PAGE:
I would very much appreciate subscriptions to my YouTube channel.  I hope to start producing these videos more often.


Lessons from runway models on how to be funny.

I was a sailor on one of the first Navy ships to have women serve on board.  One evening I was hanging out with some other guys in the machine shop when a cute girl came through, back from her evening out on the town.  She was nicely dressed in civilian clothes, and as she passed by we all took in the sight.  She strutted past with a smile on her face.  When she reached the hatch at the other end of the compartment, she caught her foot and fell right to the deck.  Hilarity ensued. Runway model fails are pretty much the same thing.

Beautiful, important, and serious people have long been the target of physical comedy. Runway models delicately perched on high heels are primed to be brought down to earth.   There are some lessons to be found.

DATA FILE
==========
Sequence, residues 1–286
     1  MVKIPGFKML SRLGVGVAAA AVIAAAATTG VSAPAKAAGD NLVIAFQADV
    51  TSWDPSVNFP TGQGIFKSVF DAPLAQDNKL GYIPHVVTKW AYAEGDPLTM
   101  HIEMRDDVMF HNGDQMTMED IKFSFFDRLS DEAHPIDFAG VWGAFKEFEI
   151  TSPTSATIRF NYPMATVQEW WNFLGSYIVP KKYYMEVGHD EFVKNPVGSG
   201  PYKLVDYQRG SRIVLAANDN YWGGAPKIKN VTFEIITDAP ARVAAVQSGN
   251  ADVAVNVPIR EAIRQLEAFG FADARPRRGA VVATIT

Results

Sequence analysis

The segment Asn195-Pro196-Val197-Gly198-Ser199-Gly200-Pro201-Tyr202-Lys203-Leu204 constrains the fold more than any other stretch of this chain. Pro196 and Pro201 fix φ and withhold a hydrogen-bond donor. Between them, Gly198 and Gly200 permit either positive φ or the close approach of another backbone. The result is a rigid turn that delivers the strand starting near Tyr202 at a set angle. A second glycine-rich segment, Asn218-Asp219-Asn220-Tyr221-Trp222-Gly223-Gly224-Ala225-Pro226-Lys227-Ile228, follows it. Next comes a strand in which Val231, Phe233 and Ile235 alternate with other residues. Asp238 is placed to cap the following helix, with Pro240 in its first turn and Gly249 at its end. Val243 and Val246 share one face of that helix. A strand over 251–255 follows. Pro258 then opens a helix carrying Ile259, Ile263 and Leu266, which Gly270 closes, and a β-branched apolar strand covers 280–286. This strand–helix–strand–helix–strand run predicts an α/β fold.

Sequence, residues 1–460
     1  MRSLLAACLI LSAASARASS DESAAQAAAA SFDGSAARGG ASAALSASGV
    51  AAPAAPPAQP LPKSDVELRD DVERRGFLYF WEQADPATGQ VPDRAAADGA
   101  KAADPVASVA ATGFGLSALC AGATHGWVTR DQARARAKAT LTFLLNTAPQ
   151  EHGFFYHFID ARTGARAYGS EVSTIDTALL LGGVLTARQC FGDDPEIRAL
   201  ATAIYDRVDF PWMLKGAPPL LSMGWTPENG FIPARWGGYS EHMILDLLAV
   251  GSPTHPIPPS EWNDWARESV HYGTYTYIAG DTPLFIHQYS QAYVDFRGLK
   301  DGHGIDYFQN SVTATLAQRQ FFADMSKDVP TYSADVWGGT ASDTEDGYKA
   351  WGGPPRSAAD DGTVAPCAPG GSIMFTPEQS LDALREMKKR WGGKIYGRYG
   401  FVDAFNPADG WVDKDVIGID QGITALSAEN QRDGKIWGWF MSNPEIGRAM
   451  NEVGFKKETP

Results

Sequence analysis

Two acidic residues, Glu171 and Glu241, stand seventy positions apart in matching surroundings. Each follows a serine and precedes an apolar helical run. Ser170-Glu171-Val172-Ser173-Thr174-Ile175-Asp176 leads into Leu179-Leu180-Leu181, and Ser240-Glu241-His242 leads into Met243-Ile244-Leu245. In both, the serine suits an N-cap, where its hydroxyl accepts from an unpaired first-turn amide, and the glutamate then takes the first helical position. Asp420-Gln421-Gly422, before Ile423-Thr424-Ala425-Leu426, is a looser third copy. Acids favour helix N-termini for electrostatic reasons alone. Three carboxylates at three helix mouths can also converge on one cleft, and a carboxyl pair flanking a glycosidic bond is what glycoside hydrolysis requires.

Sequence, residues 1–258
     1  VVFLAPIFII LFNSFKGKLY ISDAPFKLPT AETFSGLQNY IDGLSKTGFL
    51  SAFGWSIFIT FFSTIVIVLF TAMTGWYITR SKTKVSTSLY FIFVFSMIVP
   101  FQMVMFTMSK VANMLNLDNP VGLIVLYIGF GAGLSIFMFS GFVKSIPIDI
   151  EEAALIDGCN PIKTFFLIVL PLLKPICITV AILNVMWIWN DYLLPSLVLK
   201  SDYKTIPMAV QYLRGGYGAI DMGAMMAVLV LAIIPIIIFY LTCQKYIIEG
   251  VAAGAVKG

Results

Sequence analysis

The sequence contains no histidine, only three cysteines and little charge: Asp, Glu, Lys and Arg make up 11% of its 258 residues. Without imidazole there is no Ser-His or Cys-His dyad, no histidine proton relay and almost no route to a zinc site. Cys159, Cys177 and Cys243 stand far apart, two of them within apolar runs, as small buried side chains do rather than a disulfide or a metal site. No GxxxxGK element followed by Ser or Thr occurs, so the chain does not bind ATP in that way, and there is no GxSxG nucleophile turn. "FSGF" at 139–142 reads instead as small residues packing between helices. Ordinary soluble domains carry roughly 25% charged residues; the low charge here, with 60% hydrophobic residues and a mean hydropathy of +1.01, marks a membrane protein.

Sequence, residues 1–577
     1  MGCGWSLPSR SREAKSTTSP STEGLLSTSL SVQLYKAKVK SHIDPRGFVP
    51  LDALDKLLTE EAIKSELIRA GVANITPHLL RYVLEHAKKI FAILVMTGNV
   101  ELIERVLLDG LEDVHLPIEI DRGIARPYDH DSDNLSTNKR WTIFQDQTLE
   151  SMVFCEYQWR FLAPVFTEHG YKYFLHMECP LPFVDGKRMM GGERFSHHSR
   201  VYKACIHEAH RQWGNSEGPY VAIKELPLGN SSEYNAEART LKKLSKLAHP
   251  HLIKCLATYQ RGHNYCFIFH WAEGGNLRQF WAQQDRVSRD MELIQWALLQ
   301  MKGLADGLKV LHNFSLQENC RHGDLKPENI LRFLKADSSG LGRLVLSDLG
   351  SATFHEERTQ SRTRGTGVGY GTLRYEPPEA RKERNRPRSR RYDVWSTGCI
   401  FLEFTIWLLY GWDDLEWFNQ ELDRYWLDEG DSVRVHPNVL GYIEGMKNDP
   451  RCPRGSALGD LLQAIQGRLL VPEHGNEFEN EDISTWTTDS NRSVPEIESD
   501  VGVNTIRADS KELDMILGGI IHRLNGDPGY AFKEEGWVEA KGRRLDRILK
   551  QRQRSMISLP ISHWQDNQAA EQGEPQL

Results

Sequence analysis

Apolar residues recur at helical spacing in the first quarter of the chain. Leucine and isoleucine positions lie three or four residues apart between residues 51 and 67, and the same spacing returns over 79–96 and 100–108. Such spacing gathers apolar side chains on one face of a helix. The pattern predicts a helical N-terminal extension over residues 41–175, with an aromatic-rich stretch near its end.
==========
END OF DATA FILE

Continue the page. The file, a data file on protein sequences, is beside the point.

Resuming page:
It’s all about the ankles.

If you are beginning to fall, and want to be even funnier, struggle to maintain your balance for a really long time, recover, and then fall.

While most models try to recover instantly, you can also get to an awkward balancing pose, and hold it there for comic effect.

This one is simple and direct. Catch the foot, big key pose, go down,

If you fall once, falling a second time isn’t funny.  You have to go all the way to 3 or more falls.  Single falls are best when the model drops completely off the stage and disappears.

Or, like this woman, wear a giant headdress and appear to vanish under its weight.

Seriously, just look at these shoes. What monster designed those?

If you fall, having a cute smile and laughing at yourself about it is the best way to look less stupid.  Just own it.

This savage literally steps over the body of a fallen comrade sprawled on the runway.

Here is probably the best compilation of runway model fails.



%d bloggers like this: